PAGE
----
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BC’s Tales of the Pacific | Mystery of the Sayo

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“The soul of the sea is seductive, never ceasing, whispering, clamoring, murmuring, inviting the soul to wander in abysses of solitude.”

— Kate Chopin

IN March of 2016, Filipino fishermen discovered the Sayo, a partially submerged sailboat, about fifty miles off the coast. Thinking they may be able to salvage the forty-foot boat, they climbed aboard to investigate, but what they found ended any hopes of a bounty. Somewhat damaged, the vessel contained the mummified remains of its owner, who apparently died where he sat near the radio, slouched over on one arm. What happened? When did he die? And how did he come to be discovered in a most unusual position and condition?

Manfred Fritz Bajorat, age 59, was an experienced German sailor who made many voyages along with his wife, Claudia, until her death from cancer in 2009. In fact, no one had heard from him since his wife’s passing. Bajorat took to the sea one last time, a grieving widower in search of the kind of peace and solitude found only on the open ocean.

He last made contact with the outside world when off the coast of Spain, then whoosh. Gone. Seven years later he was found lifeless near the Philippines. Surely, he didn’t travel halfway around the world after his death.

Initial reports indicated piracy. The vessel was damaged but seaworthy. The body of the captain sat lifeless at his desk, possibly the victim of a crime. But as details emerged another picture came into focus, a more peaceful and somber one.

He sailed the sea for years, apparently without making contact or landfall, leading many to wonder if the vessel had drifted with a dead man on board for years. After initial speculation of just that, investigators concluded that he had only been dead about a week. The coroner reported that he died either from a heart attack or stroke. There had been no signs of foul play nor a struggle. He simply sat at his desk, hunched over and died, although his proximity to the radio may indicate that he tried to call for help in his final moments.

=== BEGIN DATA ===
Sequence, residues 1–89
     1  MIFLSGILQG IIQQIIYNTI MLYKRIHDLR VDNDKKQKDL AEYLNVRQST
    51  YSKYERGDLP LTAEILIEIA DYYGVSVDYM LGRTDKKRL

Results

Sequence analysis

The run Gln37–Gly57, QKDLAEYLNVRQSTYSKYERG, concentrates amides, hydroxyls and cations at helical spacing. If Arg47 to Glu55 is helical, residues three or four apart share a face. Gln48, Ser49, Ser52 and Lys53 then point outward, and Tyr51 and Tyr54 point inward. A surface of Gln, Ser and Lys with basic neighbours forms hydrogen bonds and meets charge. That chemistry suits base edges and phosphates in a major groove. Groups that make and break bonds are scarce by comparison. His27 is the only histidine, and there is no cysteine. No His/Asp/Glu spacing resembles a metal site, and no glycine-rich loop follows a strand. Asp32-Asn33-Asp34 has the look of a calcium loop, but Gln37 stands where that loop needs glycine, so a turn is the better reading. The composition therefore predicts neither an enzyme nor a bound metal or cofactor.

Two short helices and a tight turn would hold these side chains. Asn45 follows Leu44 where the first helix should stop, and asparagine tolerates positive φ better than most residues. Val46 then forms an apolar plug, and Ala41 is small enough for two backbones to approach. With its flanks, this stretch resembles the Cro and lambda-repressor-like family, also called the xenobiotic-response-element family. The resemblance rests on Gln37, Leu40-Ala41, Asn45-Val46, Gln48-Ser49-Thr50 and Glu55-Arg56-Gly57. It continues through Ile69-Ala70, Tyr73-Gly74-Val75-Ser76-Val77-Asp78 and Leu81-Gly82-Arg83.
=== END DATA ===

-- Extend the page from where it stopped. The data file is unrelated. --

The warm, moist air did the rest. Other than being covered with mold, his body was remarkably preserved, as well as any king of Egypt. You can even make out an expression on his face.

“The air, heat, and saltiness of the sea are all conducive to mummification,” commented Peter Vanezis, a forensic pathologist. “It starts within two or three weeks. The fingers and other extremities- the nose, the face- dry quickly and in a month or two they are well gone.”

The man who lost his sailing partner and love of his life took to the sea and died there, apparently at peace. It was a bizarre and sad ending to a life, and yet there is something beautiful about it.

BC Cook, PhD lived on Saipan and has taught history for 20 years. He currently resides on the mainland U.S.

November 2020 pssnewsletter

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